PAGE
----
Huggins Eyes Consistency

CHARLESTON – A young West Virginia team was rewarded with a fifth straight NCAA Tournament berth for Bob Huggins, and the veteran coach is counting on some of his five freshmen regulars to help extend a challenging season for a few more games.

Because West Virginia has veterans like Kevin Jones, who’s averaging 20.1 points and 11.1 rebounds, Huggins won’t lean on the youngsters too heavily when No. 10 seeded West Virginia (19-13) plays No. 7 Gonzaga (25-6) on Thursday night in Pittsburgh.

Huggins has never had a task at West Virginia quite like this year when it comes to teaching.

The season began with eight freshmen, along with Jones, Darryl “Truck” Bryant and Deniz Kilicli. Three freshmen either were injured or left the team.

Huggins would like to see any improvement in the tournament from a season full of lapses in defense, ball movement and handling.

“They’ve got to do something different and make a shot,” Huggins said Tuesday. “They’ve been terribly inconsistent. We haven’t finished games the way we certainly would like to finish games.”

Starting point guard Jabarie Hinds leads the team in assists, albeit at only three a game. And he’s the leading scorer among the freshmen with a 7.6 average.

Forward Keaton Miles has started all but one game, averaging 1.4 points and two rebounds. Guards Gary Browne and Aaron Brown have made spotty contributions off the bench, and walk-on Paul Williamson has seen more-than-expected playing time due to injuries.

“This hasn’t been one person,” Huggins said. “It’s been a whole bunch of guys. We’ve just got to do a better job of ball security. You can’t hand the ball to (other teams’) guys for layups. You can’t take plays off and not block out or let a guy back-cut you. Our whole focus and our attention to detail has to get so much better.”

The freshmen were limited to 10 combined points in an overtime loss to Connecticut in West Virginia’s lone game in the Big East Tournament last week.

In the NCAA Tournament, West Virginia has lost its first game only once in four previous trips under Huggins.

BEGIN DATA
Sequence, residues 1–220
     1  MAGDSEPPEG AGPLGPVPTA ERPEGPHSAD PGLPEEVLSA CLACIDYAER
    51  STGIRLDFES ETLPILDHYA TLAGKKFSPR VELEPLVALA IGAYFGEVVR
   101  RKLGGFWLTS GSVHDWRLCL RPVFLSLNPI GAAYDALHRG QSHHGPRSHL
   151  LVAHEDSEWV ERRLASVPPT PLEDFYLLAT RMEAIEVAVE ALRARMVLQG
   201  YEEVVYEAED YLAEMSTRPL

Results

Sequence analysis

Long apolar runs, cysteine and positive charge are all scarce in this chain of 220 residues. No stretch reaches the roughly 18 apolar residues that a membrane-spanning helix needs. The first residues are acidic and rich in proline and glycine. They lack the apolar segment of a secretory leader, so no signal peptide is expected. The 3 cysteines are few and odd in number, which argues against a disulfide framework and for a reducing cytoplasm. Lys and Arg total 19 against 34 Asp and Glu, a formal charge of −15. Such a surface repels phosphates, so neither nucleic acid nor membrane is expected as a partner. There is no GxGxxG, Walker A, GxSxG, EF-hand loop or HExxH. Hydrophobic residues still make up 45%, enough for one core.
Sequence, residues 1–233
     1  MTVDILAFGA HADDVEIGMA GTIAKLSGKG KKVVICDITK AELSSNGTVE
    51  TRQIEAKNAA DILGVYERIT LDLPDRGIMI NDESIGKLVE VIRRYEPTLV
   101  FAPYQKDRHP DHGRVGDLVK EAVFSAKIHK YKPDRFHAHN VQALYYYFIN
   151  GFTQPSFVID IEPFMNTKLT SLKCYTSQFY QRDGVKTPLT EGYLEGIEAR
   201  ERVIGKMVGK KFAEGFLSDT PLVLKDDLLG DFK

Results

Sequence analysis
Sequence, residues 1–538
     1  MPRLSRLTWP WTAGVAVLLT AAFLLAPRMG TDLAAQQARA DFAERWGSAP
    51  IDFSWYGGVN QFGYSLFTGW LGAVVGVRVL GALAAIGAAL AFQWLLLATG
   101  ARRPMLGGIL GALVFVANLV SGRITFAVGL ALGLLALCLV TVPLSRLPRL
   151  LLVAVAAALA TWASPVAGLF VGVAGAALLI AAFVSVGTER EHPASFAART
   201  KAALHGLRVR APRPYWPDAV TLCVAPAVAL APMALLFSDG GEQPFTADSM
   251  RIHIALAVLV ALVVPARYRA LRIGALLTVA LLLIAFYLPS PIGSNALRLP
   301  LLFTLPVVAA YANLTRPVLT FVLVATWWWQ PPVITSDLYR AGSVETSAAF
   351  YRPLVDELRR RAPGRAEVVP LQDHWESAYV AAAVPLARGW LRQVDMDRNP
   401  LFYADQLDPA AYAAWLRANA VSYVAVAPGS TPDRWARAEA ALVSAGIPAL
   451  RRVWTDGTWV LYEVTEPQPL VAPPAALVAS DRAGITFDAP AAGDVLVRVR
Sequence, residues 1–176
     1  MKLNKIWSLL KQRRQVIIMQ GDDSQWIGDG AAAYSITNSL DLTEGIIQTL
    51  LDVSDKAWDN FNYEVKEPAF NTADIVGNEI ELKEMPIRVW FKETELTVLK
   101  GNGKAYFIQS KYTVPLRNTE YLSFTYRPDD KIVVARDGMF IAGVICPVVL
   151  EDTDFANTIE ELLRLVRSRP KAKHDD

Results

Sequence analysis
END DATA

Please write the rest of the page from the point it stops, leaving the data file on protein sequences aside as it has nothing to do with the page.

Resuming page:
Miles figures now isn’t the time to get caught up in the experience.

“My mentality is win or go home,” Miles said. “This could be our last game. We have to give it our all. We have to suck it up, grow up … and play basketball.”

Youngsters also could make a difference for Gonzaga. Starting freshmen guards Kevin Pangos and Gary Bell Jr. lead the Zags into their 14th straight NCAA tournament.

Pangos is the team’s top scorer at 13.8 points and Bell is fourth at 10 per game.

Huggins doesn’t anticipate the youngest players on either team slumping under the pressure of their first NCAA experience.

“I’ve watched a lot of tape of Gonzaga,” Huggins said. “I don’t see them (wilting) and I would be very, very shocked if our guys do.”

Jones will have his greatest role yet in this tournament after finishing the regular season as the Big East’s top scorer and rebounder. Despite those accomplishments, he was passed over for conference player of the year – an award given to Marquette’s Jae Crowder.

Jones isn’t worried anymore about individual glory, just the opportunity to fulfill a goal that the Mountaineers missed out on when they lost to Duke in the NCAA semifinals two years ago in Indianapolis.

“We definitely want to go out with just a chance to get that NCAA championship,” Jones said. “We have our chance now. It’s up to us to see what we can do with it.”

West Virginia has seen challenges since the start of the season, losing to Division II Northern Kentucky in an exhibition game.

At one point late in the season the Mountaineers had lost seven of nine. But West Virginia ended the regular season by beating DePaul and South Florida to secure its place in the NCAA field.

Among its top victories were over Kansas State, Cincinnati, Georgetown and Miami. There were close losses to Syracuse, Baylor, Marquette and Louisville.

“We’ve been in games,” Huggins said. “Primarily because of our youth, we haven’t finished games. And because we’ve played a great schedule.”